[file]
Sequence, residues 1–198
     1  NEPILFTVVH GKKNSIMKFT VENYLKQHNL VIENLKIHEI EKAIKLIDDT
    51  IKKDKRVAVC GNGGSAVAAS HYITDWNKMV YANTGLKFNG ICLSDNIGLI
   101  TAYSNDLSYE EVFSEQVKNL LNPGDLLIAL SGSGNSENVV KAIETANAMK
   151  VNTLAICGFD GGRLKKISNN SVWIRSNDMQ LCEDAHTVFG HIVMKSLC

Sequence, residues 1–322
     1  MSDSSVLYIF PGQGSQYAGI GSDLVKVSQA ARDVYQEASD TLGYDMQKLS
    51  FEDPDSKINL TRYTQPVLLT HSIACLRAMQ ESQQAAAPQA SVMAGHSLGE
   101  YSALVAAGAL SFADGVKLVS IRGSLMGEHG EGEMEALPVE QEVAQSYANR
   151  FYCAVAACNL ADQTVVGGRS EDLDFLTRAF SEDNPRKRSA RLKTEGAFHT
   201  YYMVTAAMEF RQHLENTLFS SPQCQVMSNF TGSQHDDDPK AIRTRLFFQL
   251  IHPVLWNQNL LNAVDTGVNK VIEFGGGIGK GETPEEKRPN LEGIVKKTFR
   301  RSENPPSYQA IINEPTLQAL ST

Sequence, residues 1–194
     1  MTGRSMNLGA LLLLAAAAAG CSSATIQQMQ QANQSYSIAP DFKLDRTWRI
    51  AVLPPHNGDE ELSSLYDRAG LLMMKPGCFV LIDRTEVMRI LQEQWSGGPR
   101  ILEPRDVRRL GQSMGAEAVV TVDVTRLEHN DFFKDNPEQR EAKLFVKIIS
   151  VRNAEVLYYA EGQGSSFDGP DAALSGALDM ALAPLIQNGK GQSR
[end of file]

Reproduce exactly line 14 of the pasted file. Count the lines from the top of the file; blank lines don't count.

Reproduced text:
Sequence, residues 1–194